In art, this concept of the autistic person as something that happens to someone turns us into objects, plot devices, catalysts at best. The heroes of stories that are ostensibly about us are instead the people around us, who are given humanity and character development at our expense. It’s an idea that can trip up even the most empathetic creators — “I Am Autism” was directed by Gravity and Children of Men filmmaker Alfonso Cuarón. And it’s the driving concept behind even some of the most beloved work about autism. Rain Man isn’t really about Dustin Hoffman’s Raymond; it’s about his brother Charlie’s journey and how Raymond makes him feel. The 2015 romantic dramedy Jane Wants A Boyfriend, which was somewhat lauded for its take on a woman with Asperger’s looking for romance, is truly about Jane’s sister’s journey as she struggles to deal with Jane. Atypical is at least partially Sam’s story, but it’s also about how his autism affects his family. Our characters exist to make their characters feel something. And our stories exist to make audiences who identify with those non-autistic characters feel amused, entertained, or inspired.

Our characters exist to make their characters feel something.

There’s a glaring contrast between these works and a pair of young adult novels by autistic authors that I recently had the pleasure of reading. In both The State of Grace, by Rachael Lucas, and On The Edge of Gone, by Corrine Duyvis, autism is not a quirk or a hook but a living, breathing part of the worlds the writers have created. Lucas and Duyvis’ autistic characters have some of the outward symptoms and habits that non-autistic creators latch onto, but these inform the plot and meld with the characters’ rich inner lives. Their autistic characters navigate their own stories, forming more complex portraits of the autistic as a person in both the physical and psychological sense. These books aren’t just better representation. They’re simply more interesting than anything a non-autistic has envisioned so far.

I don’t believe that non-autistic people shouldn’t write about us at all, but I’ve yet to find much evidence that they can. Taking on characters and experiences outside of your own is supposed to be one of the great, mind-expanding purposes of the artistic process, and yet so much of what I see and read about autism feels limited and limiting. It’s a exercise that’s about as creative and mature as a confused, petulant teenager watching a bad film in the ’90s, figuring that she now knew everything about being autistic, and concluding that having this condition would somehow magically solve all of her problems.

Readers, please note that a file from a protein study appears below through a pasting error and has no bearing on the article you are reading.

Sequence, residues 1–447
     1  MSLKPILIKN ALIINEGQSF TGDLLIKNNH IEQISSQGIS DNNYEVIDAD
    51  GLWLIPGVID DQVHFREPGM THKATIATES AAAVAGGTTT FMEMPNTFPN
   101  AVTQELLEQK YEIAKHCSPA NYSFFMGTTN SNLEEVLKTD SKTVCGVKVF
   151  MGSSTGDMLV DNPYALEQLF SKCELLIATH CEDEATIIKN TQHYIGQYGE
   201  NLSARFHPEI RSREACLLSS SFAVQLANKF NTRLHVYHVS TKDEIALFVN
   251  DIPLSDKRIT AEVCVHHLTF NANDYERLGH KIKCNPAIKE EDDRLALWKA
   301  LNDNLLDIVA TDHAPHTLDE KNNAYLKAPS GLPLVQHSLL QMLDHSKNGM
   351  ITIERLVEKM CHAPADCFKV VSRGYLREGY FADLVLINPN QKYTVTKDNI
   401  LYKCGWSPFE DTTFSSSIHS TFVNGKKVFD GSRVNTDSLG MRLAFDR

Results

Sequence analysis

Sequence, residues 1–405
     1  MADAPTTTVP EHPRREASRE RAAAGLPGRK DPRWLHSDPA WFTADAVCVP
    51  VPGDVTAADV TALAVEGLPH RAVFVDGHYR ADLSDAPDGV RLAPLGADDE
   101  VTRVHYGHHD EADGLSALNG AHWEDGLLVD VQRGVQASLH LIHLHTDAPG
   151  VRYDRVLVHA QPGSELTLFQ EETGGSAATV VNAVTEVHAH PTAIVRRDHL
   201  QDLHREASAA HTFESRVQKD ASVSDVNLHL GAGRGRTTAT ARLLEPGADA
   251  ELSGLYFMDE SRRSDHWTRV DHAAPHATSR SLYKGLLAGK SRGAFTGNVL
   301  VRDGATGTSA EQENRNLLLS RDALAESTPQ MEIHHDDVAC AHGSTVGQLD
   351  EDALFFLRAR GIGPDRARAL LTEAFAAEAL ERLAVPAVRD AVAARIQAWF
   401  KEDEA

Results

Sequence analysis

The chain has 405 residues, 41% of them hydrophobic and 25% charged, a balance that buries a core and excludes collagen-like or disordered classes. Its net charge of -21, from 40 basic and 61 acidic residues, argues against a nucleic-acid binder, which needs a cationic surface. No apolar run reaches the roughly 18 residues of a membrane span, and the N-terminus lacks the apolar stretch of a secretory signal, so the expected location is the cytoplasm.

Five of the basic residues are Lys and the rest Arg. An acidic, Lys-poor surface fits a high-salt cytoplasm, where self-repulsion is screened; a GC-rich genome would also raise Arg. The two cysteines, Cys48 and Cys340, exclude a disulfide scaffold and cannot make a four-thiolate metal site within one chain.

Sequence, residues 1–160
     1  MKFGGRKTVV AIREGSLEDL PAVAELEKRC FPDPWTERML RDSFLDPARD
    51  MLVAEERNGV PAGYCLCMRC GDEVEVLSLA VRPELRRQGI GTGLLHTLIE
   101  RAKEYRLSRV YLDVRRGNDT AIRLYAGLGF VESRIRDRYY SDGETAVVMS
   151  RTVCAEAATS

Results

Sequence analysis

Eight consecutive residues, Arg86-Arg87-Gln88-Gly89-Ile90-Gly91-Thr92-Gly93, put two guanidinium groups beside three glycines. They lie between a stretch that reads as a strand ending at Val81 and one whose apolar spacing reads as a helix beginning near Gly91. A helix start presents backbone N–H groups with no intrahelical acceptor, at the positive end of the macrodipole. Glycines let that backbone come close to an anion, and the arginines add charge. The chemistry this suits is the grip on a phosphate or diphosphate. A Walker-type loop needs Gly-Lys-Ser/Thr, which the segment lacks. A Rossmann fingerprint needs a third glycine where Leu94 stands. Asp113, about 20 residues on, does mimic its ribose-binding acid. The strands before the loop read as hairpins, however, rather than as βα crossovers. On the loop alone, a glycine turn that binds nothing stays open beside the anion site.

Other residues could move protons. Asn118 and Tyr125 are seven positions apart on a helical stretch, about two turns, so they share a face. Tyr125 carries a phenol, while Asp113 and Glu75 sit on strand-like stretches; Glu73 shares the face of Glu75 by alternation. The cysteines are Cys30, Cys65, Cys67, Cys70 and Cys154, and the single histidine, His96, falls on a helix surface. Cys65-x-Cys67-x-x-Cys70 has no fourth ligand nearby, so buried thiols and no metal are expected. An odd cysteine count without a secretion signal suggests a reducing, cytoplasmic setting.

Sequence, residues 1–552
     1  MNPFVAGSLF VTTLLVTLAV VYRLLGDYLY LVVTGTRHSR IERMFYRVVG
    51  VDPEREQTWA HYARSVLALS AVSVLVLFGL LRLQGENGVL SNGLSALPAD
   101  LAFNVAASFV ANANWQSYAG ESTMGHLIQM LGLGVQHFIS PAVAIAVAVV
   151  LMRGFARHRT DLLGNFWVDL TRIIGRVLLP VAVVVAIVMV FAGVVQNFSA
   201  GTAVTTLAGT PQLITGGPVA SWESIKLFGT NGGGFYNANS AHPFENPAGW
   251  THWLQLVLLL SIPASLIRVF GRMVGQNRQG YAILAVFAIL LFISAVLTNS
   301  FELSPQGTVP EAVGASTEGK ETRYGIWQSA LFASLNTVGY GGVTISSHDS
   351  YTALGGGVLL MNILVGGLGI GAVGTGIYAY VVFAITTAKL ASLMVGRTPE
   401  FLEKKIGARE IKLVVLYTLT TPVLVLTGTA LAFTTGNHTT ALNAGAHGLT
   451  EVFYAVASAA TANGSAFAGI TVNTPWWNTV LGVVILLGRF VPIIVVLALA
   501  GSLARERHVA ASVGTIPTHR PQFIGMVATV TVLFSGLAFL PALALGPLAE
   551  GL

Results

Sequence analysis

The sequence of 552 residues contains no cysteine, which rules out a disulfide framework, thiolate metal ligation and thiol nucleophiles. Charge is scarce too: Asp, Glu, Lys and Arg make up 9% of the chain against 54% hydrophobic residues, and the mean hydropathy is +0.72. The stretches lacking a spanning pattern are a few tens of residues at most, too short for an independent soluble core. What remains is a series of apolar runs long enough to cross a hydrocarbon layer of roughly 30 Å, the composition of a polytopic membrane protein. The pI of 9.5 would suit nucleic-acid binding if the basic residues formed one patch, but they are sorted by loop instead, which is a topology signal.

There’s nothing bold, brave, clever or inspiring about accepting commonly-held beliefs about us at face value and perpetuating them. There’s nothing groundbreaking about using us as objects to satisfy a the creative urges of a writer and the demands of an audience that doesn’t want to be challenged. There’s nothing remotely humanizing about an entire subgenre about a certain type of person that’s made without any participation from those people at all.

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Autism can be isolating, but it’s even more isolating to watch these hollow plot contrivances made in the images of people like me be used solely for the entertainment of people who aren’t. It’s also frustrating, because it doesn’t have to be that way. I understand the power of art to open people’s minds and stoke empathy for people outside of your worldview — after all, as someone who isn’t naturally good at acting “normal,” I’ve always used books, television, and movies to help me understand non-autistic people’s perspectives and motivations. I’m ready for the world to return the favor and eager for other people to benefit from that experience as much as I have.

I want non-autistic writers to ask themselves what their motivation is when they decide to write about us. Is it a test of their skill, or do they actually want to get to know us? And if it’s the latter, I want them to actually try. I want them to read our work, to listen to our complaints about what we’ve seen so far. I want them to force themselves to truly think about what life is like for us. I want both writers and audiences to ask themselves what it feels like to be us — not just what it feels like to be near us. I want stories about being us to matter as much as stories about being near us do now.

I want all of this, because most of all, I want the next little Sarah to be able to watch a film and — instead of a caricature or a punchline — see herself.